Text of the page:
Australia is home to some of the most iconic mammals in the world. Most people would easily recognise a kangaroo, koala, or maybe even a smiling quokka.
It’s unlikely however, that you’ve caught a fleeting glimpse of one of the 19 species of Australia’s most elusive marsupials scurrying through the grass at night.
Dunnarts are nocturnal marsupials – mammals who carry young in a pouch – that are often referred to as “marsupial mice”. They’re so similar to mice in fact, that in cold temperatures, dunnarts have been known to keep warm by sharing their nests with the common house mouse.
However, this is where their closeness ends, since they last shared a common ancestor approximately 160 million years ago.
One species, the fat-tailed dunnart (Sminthopsis crassicaudata) was first described in the literature in 1844 by English ornithologist John Gould and since the mid-1900s has been of great interest to scientists due to its ability to survive in extreme, semi-arid environments.
The fat-tailed dunnart belongs to the Dasyuridae family, which also includes Tasmanian devils and quolls. It has a head and body length of between 60-90mm, tail 45-70cm in length and weighs only 10-20g.
It’s one of the smallest carnivorous marsupials, coming out at night to eat insects, spiders, amphibians and even small mammals and reptiles. Its long carrot-shaped tail (almost the same length as its body) stores fat reserves for when food is scarce
They can live in areas ranging from open woodland to arid shrublands, undergoing daily hibernation or torpor, lowering their body temperature and metabolic rate to reduce energy expenditure in response to environmental conditions.
More recently the fat-tailed dunnart is emerging as an important model species for expanding our understanding of the evolution of the mammalian brain, retina development in nocturnal species and as a tool for marsupial conservation.
It is also a Dasuyrid marsupial, belonging to the same order as the endangered Tasmanian devil, the numbat and the extinct thylacine (Tasmanian tiger).
So, because resources for marsupial laboratory models are greatly limited (compared with traditional mammalian models like the laboratory mouse) the fat-tailed dunnart presents an excellent opportunity to develop a laboratory marsupial model, enabling us to learn more about the biology of our unique Australian fauna and develop vital new conservation tools.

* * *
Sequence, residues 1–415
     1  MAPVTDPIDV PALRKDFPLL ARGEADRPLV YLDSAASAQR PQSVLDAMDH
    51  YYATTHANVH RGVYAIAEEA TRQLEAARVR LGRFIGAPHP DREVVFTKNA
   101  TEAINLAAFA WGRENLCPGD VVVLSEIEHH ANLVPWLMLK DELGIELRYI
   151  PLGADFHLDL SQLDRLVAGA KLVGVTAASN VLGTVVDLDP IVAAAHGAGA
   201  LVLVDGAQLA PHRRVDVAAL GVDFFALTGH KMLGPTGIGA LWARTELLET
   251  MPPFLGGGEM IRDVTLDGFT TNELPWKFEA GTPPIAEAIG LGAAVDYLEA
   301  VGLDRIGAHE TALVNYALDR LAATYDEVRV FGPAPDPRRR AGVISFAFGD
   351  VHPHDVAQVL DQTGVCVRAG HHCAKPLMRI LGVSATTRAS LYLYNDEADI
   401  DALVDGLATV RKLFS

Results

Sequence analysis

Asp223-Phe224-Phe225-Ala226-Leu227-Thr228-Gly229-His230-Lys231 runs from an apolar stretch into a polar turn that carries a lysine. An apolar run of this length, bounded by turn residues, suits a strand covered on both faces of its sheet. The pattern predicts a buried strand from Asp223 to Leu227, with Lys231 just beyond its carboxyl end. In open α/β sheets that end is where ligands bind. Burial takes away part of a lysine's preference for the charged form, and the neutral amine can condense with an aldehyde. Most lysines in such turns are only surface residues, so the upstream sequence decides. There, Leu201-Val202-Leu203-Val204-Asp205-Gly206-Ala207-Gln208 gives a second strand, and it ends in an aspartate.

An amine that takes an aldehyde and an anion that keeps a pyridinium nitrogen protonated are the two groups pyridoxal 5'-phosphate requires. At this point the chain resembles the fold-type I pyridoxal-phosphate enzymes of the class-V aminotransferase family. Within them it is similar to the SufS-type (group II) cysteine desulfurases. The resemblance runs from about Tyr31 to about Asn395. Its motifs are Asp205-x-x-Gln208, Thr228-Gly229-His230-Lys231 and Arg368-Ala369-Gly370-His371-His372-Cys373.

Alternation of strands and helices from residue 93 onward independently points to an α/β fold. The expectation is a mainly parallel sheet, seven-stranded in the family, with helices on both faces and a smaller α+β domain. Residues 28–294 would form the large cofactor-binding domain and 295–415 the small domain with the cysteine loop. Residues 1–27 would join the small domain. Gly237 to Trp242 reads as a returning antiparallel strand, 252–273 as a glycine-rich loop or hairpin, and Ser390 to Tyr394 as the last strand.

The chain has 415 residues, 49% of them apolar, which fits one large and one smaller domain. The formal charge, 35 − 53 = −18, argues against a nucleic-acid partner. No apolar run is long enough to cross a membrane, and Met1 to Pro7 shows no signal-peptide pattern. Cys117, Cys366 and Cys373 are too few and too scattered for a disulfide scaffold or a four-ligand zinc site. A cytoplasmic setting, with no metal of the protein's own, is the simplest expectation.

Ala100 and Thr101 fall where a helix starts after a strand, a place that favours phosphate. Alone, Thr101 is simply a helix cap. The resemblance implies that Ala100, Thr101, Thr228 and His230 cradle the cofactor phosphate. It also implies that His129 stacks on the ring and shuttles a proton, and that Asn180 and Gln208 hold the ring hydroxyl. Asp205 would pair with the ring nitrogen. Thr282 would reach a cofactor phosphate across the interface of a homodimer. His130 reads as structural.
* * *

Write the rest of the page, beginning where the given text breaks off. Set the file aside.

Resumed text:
To address the huge gap in our understanding of marsupial biology, our research team developed a comprehensive resource – as a reference for other research projects – focussing on the development of the fat-tailed dunnarts from birth to adulthood.
The amazing thing about the dunnart is that almost all their development happens after birth in the pouch, which means we can observe the joeys in real-time without the need for invasive surgical procedures.
Fat-tailed dunnarts have one of the shortest pregnancies of any mammal – only 13.5 days. When the joeys are born, they are smaller than a grain of rice, with the heart, lungs, and bladder visible through their translucent skin.
In laboratory mice, development of the organs, bones and brain largely occurs during pregnancy.
Our latest research focussed on the development of the bones of the skull and forelimbs.
We were most interested in these structures because marsupials have this extreme shift in the timing of when the forelimbs and oral region appear compared to placental mammals such as mice and humans.
Joeys need to have highly developed forelimbs to crawl to the pouch and a well-developed mouth and nose to attach to the teat, suckle and breathe simultaneously.
Our research team raised a colony of dunnarts and collected joeys from birth to weaning. The young were examined using micro-computed tomography (microCT), a non-invasive imaging tool that provides 3-dimensional (3D) images of the internal structures with very high resolution.
We used this technique to see when the bones and soft tissues first arise.
Surprisingly, we found that on the day of birth, despite crawling to the pouch and attaching to the mother’s teat, the joeys had formed no mineralised bone tissue (ossification) anywhere in their body.
The forelimbs, oral and nasal cavities were all highly developed but microCT scanning revealed the complete absence of ossified bone.
This was somewhat of a surprise as we know that other marsupial species like kangaroos and tammar wallabies have accelerated development of the forelimb and oral bones with these bones present before or at birth.
Approximately 24 hours after birth, the first bones were visible in the forelimbs and jaw of the dunnart joeys.
This CT scans series has allowed us to pinpoint when every single bone in the dunnart first appears and will be an incredibly useful resource for studying the evolution of the jaw and forelimbs.
Information on the life history of marsupials addresses fundamental gaps in our understanding of these unique mammals. Sadly, a third of Australia’s marsupials are currently facing extinction.
This research enhances the utility of the dunnart model and may assist in conservation strategies in a rapidly changing environment.
Banner: Getty Images